Tailored last-mile delivery. Effective vaccine rollout will require a tailored approached for getting the vaccine from its last distribution hub and into people’s arms. Local population demographics, cold-chain capacity and staffing resources all vary by community, influencing how last-mile logistics and service delivery play out. Based on a cold-chain analysis completed in late 2020, the government of Rwanda identified areas that would be more suited to certain vaccines than others. After receiving 240,000 AstraZeneca jabs and 100,000 Pfizer jabs though its initial 3 March COVAX delivery, the government managed risks to local settings, shipping AstraZeneca to more remote areas with weaker cold-chain capability and distributing Pfizer in the capital Kigali, where the cold-chain infrastructure was better equipped to keep vaccines colder.
Digital data and technology infrastructure. Technology and the use of data have been at the heart of Rwanda’s Covid-19 response. Systems with real-time data reporting, analysis and insights will help to inform timely decision-making, from early warning of pressure points to algorithmic optimisation of rollouts. As part of its rollout, the country is pushing to digitise its health record-keeping nationally. Eliminating paper records is enhancing the ability of health teams and government to track health indicators in real-time and to digitally certify the status of those who have been vaccinated – a critical feature for meeting international standards to rejoin the global economy.
Proactive communication with the public. All efforts to develop, produce and deliver a vaccine to an inoculator are futile if there is no arm ready to receive the jab. Since the arrival of the first COVAX shipment, the government of Rwanda has kept the public informed of the deployment progress. Daily updates from the Ministry of Health, on Twitter, TV and radio and in print media allow citizens a window into the rollout operations. Trusted community leaders have been engaged to help those invited for vaccination to know where to go and to understand the benefits of vaccination on their community. Transparency builds trust in the process.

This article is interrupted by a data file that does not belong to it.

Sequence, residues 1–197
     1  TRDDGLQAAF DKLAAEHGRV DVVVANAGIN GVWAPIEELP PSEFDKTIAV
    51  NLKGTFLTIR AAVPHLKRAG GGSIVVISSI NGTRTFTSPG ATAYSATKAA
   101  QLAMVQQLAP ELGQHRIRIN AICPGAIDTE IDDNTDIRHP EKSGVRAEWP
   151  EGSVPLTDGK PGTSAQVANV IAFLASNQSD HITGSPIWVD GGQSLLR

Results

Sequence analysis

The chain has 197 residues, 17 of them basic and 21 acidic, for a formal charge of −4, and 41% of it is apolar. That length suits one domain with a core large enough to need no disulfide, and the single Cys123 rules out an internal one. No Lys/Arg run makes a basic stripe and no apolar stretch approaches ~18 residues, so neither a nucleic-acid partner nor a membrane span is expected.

Rwanda’s experience illustrates that an effective rollout is possible with the right elements in place. However, because most governments in Africa are still acutely underprepared to effectively distribute Covid-19 vaccines to their most vulnerable populations, partner governments and international organisations must strengthen their financial and logistical support immediately.
In South Sudan, over 100,000 COVAX doses are expected to arrive this week, yet the country has severely constrained funding to operationalise its National Vaccine Deployment Plan. Lack of funding limits the number of vaccination centres and increases the risk of low coverage, while also implying that vaccines could sit unmoved from central warehouse shelves, potentially expiring before use.
No country is safe until every country is safe, and it is in the interests of the international community to assist governments everywhere to close gaps in preparedness. The pandemic does not end with successful vaccine development and procurement. It ends with successful vaccine deployment.